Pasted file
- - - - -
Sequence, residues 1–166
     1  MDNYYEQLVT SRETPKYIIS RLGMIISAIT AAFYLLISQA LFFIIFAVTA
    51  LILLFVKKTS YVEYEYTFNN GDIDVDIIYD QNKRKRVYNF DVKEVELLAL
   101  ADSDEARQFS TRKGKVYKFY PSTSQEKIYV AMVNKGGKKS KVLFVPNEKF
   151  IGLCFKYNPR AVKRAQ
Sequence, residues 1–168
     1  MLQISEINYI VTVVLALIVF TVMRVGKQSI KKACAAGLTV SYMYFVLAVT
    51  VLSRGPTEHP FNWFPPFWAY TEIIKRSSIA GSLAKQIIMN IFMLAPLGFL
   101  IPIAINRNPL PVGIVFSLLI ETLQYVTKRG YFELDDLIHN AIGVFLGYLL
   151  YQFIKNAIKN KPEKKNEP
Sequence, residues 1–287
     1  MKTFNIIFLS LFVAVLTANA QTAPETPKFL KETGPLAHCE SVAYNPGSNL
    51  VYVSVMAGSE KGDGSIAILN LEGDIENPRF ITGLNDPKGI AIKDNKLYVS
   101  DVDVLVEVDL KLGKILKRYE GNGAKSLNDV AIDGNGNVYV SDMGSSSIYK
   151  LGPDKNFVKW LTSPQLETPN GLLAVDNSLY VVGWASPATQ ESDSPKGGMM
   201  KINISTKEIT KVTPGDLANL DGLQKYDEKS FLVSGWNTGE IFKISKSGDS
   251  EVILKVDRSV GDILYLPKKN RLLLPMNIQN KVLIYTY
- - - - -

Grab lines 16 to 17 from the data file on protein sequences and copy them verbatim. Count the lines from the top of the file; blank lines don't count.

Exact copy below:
   201  KINISTKEIT KVTPGDLANL DGLQKYDEKS FLVSGWNTGE IFKISKSGDS
   251  EVILKVDRSV GDILYLPKKN RLLLPMNIQN KVLIYTY